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Histone deacetylases: novel targets for prevention of colitis-associated cancer in mice
  1. Rainer Glauben (rainer.glauben{at}charite.de)
  1. Charité - Universitätsmedizin Berlin, Germany
    1. Arvind Batra (arvind.batra{at}charite.de)
    1. Charité - Universitätsmedizin Berlin, Germany
      1. Thorsten Stroh (thorsten.stroh{at}charite.de)
      1. Charité - Universitätsmedizin Berlin, Germany
        1. Ulrike Erben (ulrike.erben{at}charite.de)
        1. Charité - Universitätsmedizin Berlin, Germany
          1. Inka Fedke (inka.fedke{at}charite.de)
          1. Charité - Universitätsmedizin Berlin, Germany
            1. Hans Anton Lehr (hans-anton.lehr{at}chuv.ch)
            1. Institut Universitaire de Pathologie, Centre Universitaire Vaudois, Lausanne, Switzerland
              1. Flavio Leoni (f.leoni{at}italfarmaco.com)
              1. Italfarmaco, Cinisello Balsamo, Italy
                1. Paolo Mascagni (p.mascagni{at}italfarmaco.com)
                1. Italfarmaco, Cinisello Balsamo, Italy
                  1. Charles A Dinarello
                  1. Department of Medicine, University of Colorado, Denvee, United States
                    1. Martin Zeitz (gastro.cbf{at}charite.de)
                    1. Charité - Universitätsmedizin Berlin, Germany
                      1. Britta Siegmund (britta.siegmund{at}charite.de)
                      1. Charite, Campus Benjamin Franklin, Germany

                        Abstract

                        Objective: Inhibition of histone deacetylases, well described for its anti-proliferative efficacy in vivo, was recently shown to ameliorate inflammation in experimental colitis. Since inflammatory bowel disease is associated with an increased risk of developing colon cancer, here the combined anti-inflammatory and pro-apoptotic efficacy of histone deacetylase inhibitors was studied in mouse models.

                        Setting: The novel histone deacetylase inhibitor ITF2357 was compared to suberoylanilide hydroxamic acid in models of experimental colitis. Effects on tumor growth were studied after treatment of mice with azoxymethane and dextran sulfate sodium, and in interleukin-10 knockout mice, respectively. Possible underlying mechanisms involving apoptosis and NF-κB activation were addressed by flow cytometry and western blot.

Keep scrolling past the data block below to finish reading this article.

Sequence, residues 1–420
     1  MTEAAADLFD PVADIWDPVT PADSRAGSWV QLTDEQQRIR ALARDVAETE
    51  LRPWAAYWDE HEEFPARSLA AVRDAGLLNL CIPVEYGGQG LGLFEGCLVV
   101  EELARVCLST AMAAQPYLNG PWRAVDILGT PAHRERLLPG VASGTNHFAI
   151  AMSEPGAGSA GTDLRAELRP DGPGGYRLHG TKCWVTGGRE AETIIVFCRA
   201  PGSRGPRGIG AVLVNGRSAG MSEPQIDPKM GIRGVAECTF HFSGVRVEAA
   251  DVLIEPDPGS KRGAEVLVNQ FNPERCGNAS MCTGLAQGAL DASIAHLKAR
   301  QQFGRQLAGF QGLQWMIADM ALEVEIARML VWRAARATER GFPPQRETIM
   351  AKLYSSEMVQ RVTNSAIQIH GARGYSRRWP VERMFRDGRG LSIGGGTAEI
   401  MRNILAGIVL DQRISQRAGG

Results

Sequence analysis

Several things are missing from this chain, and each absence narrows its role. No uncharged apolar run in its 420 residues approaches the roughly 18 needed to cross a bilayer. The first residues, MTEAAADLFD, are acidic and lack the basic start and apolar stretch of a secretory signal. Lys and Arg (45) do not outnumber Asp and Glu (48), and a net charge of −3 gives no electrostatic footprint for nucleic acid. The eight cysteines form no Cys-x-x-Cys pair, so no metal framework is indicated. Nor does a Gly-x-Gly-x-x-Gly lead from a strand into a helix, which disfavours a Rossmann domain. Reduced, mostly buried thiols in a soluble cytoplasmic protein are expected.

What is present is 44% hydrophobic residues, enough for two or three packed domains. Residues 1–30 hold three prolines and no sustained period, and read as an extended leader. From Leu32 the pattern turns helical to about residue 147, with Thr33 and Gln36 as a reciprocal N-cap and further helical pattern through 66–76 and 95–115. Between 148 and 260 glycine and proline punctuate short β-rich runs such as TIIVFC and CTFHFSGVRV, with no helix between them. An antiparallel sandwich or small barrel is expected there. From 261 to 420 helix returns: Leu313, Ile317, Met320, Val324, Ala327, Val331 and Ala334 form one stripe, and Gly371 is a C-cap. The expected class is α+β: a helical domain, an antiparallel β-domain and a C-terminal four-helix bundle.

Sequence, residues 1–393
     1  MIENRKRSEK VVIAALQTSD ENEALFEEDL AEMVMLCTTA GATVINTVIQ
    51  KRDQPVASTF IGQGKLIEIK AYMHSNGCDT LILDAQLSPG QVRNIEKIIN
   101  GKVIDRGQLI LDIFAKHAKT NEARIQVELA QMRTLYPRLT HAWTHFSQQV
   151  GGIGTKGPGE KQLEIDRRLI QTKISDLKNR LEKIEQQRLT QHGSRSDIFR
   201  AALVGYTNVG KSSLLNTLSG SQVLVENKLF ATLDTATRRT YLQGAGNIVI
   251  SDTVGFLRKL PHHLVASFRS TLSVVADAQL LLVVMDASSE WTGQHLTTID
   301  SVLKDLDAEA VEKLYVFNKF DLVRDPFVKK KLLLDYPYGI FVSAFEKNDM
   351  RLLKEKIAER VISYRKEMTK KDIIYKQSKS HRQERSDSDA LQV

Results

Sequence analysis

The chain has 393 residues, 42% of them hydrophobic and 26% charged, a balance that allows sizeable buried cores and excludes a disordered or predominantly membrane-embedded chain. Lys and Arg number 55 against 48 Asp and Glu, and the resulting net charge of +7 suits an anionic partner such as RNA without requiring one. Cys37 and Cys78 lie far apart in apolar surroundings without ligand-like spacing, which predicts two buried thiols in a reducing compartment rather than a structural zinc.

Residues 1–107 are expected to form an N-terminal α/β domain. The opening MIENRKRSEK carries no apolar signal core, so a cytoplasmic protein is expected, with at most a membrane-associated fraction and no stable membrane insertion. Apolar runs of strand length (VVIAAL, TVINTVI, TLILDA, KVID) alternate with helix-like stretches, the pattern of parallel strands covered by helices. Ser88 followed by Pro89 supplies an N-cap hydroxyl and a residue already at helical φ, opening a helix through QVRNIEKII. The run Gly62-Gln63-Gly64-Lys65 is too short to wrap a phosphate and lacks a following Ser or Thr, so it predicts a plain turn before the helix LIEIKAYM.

Results: In dextran sulfate sodium- and trinitrobenzene sulfonic acid-induced colitis, treatment with ITF2357 was superior to suberoylanilide hydroxamic acid as shown by macroscopic and histologic amelioration of inflammation, by reduced production of interferon-γ and by increased production of interleukin-10. In both models of inflammation-mediated tumorigenesis, inhibition of histone deacetylases resulted in a significant suppression of tumor growth in terms of size and number along with reduced signs of inflammation. As for potential mechanisms of ITF2357 action, increased acetylation of histone 3, reduced production of interferon-γ and enhanced apoptosis in lamina propria mononuclear cells were found to accompany a histone deactylase-dependent activation of NF-κB.

                        Conclusions: These results indicate that inhibition of histone deactylases can attenuate inflammation-mediated tumor growth, which is paralled by an inhibition of NF-κB. Thus histone deacetylase inhibitors provide a promising strategy that combines anti-inflammatory and pro-apoptotic modes of action.

                        • Azoxymethane
                        • Colitis
                        • Histone Deacetylases
                        • Inflammation
                        • NF-kappaB

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